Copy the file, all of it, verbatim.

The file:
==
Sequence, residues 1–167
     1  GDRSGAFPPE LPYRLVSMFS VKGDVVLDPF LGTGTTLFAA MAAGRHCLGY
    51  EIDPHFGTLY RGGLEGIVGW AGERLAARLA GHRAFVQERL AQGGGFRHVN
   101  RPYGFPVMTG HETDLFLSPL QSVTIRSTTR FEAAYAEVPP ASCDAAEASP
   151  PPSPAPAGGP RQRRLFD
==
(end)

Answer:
Sequence, residues 1–167
     1  GDRSGAFPPE LPYRLVSMFS VKGDVVLDPF LGTGTTLFAA MAAGRHCLGY
    51  EIDPHFGTLY RGGLEGIVGW AGERLAARLA GHRAFVQERL AQGGGFRHVN
   101  RPYGFPVMTG HETDLFLSPL QSVTIRSTTR FEAAYAEVPP ASCDAAEASP
   151  PPSPAPAGGP RQRRLFD